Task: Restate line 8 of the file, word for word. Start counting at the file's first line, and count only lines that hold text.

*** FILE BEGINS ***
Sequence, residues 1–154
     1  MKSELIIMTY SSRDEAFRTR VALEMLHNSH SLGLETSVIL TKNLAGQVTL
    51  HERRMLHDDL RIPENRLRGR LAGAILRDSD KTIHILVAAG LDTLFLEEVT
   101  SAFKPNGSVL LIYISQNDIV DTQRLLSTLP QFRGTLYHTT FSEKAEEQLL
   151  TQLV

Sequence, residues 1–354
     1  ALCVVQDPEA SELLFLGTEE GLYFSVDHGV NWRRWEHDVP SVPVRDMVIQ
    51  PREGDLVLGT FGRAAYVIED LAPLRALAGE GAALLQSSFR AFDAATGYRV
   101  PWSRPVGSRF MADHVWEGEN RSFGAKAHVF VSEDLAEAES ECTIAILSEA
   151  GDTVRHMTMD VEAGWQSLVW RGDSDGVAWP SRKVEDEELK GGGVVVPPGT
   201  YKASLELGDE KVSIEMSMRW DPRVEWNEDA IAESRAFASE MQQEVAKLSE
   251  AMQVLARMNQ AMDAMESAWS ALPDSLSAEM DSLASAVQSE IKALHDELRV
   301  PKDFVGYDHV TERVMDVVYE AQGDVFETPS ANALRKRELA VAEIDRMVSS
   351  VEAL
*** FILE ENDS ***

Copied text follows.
    51  PREGDLVLGT FGRAAYVIED LAPLRALAGE GAALLQSSFR AFDAATGYRV